Determining the Correlation between Optic Nerve Head Neuroretinal Rim Area and Retinal Functioning for Primary Open-Angle Glaucoma in Dogs with an ADAMTS10 Gene Mutation
Avery, Brooklyn D.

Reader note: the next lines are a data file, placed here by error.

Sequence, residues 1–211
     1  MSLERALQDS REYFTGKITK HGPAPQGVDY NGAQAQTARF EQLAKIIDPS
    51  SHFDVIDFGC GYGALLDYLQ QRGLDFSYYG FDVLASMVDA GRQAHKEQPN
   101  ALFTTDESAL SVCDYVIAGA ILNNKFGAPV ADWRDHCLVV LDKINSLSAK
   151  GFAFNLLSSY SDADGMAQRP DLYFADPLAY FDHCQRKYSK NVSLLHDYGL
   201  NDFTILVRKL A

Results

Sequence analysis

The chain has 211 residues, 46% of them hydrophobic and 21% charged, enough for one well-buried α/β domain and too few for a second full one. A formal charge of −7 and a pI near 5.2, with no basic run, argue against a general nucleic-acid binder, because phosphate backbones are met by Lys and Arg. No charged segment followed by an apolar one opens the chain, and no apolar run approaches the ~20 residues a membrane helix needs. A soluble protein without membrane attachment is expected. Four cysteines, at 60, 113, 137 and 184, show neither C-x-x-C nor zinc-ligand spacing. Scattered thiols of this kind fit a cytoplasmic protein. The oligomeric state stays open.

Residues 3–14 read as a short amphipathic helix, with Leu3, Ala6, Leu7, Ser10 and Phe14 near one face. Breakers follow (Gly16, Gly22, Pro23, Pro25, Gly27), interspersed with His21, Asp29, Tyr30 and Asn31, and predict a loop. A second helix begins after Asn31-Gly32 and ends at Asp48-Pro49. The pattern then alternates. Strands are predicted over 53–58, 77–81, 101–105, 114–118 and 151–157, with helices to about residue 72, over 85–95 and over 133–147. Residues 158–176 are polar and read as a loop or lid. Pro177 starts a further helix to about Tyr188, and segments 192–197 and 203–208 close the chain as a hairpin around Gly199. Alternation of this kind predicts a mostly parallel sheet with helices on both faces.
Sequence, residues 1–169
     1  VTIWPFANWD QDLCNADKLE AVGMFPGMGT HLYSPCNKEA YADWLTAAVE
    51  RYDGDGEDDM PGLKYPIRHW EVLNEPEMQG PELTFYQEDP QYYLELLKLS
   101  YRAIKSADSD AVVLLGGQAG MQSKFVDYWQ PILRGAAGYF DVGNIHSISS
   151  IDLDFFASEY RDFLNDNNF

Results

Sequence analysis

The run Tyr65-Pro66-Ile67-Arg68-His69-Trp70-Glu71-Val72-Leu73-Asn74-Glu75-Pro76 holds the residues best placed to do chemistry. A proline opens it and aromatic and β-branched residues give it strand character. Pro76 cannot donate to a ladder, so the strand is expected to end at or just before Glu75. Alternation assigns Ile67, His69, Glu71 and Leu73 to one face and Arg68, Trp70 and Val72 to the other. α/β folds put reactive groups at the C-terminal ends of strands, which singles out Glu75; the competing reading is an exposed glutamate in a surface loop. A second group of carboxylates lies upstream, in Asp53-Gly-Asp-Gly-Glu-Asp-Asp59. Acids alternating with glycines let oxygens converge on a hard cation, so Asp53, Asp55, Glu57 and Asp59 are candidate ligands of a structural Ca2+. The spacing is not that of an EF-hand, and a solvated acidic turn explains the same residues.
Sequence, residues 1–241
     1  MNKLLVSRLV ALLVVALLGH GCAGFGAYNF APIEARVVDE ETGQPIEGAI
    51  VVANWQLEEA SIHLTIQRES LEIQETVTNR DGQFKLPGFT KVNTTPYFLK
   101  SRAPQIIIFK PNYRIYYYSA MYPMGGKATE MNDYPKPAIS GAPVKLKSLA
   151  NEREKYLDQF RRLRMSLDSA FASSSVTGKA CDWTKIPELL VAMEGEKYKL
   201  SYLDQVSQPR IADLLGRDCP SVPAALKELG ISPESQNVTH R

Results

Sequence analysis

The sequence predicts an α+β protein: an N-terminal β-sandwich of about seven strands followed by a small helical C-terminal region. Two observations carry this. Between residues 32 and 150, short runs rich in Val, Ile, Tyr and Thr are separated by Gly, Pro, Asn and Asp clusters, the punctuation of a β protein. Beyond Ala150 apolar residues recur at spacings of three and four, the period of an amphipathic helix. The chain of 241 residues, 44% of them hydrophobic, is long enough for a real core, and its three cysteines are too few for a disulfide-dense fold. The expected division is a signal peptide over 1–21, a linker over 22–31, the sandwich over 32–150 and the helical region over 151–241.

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Glaucoma is one of the leadings causes of irreversible blindness worldwide and can be characterized by damage to the optic nerve, causing increased intraocular pressure and loss of retinal ganglion cells, resulting in a decrease in structural integrity and visual functioning. While open-angle glaucoma is well defined, it is unclear how the degradation of structural and function parameters influence each other as the disease progresses. Primary open-angle glaucoma in dogs is a type of inherited glaucoma. A glycine to arginine substitution in the ADAMTS10 gene in beagles is an autosomal recessive mutation and has been linked to the development of primary open-angle glaucoma. In this study, members of an ADAMTS10 mutant beagle colony at Michigan State University underwent optical coherence tomography imaging to measure changes in the neuroretinal rim area as a structural parameter to track progression of glaucoma. Dogs also underwent electroretinography recording to measure the changes in 10 functional parameters of the eye as glaucoma progressed. Using R, a repeated measurement correlation technique was used to determine the correlation between changes in neuroretinal rim area and age, changes in the 10 functional parameters and age, and changes in neuroretinal rim area and changes in the 10 functional parameters. Almost all structural and functional parameters showed a significant correlation with the other measured variables. These results led us to conclude that there is a significant correlation between changes in structural parameters and functional parameters as glaucoma progresses. Due to this pattern in our results, these measurements were determined to be good parameters to indicate significant changes for early detection of primary-open angle glaucoma in dogs with an ADAMTS10 mutation.